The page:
Project Safe Neighborhoods (PSN) is a nationwide commitment to reduce gun and gang crime in America by networking existing local programs that target gun and gun crime and providing these programs with additional tools necessary to be successful. Since its inception in 2001, approximately $2 billion has been committed to this initiative. This funding is being used to hire new federal and state prosecutors, support investigators, provide training, distribute gun lock safety kits, deter juvenile gun crime, and develop and promote community outreach efforts as well as to support other gun and gang violence reduction strategies.
History and Foundation
The Project Safe Neighborhoods initiative was launched in 2001, and built upon the foundations of previously-existing gun crime reduction efforts such as the Clinton-era Strategic Approaches to Community Safety Initiative (SACSI), Richmond's Project Exile, and the Boston Ceasefire program. By studying these and other efforts, the Department determined that successful gun crime reduction initiatives had three common elements: they were comprehensive, coordinated and community-based. It is on these three fundamental principles that PSN is based. More specifically:
Comprehensive – While enforcement is a necessary and important aspect of crime reduction programs, the most successful initiatives marry enforcement with prevention and deterrence efforts.
Coordinated – Programs that ensure coordination between the enforcement, deterrence and prevention efforts are more likely to succeed than those that do not.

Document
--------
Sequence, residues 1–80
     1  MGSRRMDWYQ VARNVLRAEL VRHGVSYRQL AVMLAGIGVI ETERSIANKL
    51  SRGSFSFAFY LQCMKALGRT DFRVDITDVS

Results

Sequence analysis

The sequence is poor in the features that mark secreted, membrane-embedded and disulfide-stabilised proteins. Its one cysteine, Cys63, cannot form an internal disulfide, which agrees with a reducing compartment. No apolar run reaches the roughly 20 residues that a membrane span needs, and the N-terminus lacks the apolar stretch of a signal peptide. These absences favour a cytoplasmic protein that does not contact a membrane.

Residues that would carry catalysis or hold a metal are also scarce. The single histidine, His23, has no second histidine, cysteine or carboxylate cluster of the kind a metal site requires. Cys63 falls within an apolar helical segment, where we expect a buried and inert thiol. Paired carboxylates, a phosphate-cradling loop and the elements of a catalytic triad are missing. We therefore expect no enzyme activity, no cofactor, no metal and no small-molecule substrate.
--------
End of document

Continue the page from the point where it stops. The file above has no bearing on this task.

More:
Community-based – Gun crime is local, and the resources available to address it vary from district to district. Accordingly, any national gun crime reduction program must remain sufficiently flexible for jurisdictions to implement it in a way that both responds to the specific problem in that area, and accounts for the particular local capacities and resources that can be dedicated to it.
To implement the program, each United States Attorney's Office has designated a PSN Coordinator who is responsible for the day-to-day operation of the initiative. The Department monitors the progress of the initiative through reports submitted by each United States Attorney. In addition, the Department established a point-of-contact for each district to assist with implementation issues and created the Firearms Enforcement Assistance Team (FEAT) to support the program overall. To help ensure that each district developed the skills it needed to implement the initiative, OJP has funded a comprehensive network of training and technical assistance providers, and hosts a PSN National Conference approximately every 18 months. Individual districts also have received grant funding, through a local fiscal agent, for each year of the program.
In 2006, in response to the growing problem of violent gangs across the country, the Department expanded Project Safe Neighborhoods to include a focus on gangs and gang violence. The goal is to use strategies and partnerships with state and local law enforcement and communities pioneered under PSN to shut down violent gangs in America. As a result, although PSN remains "America's Network Against Gun Violence," each federal judicial district has incorporated anti-gang efforts into its PSN program.
More information can be found at PSN.gov.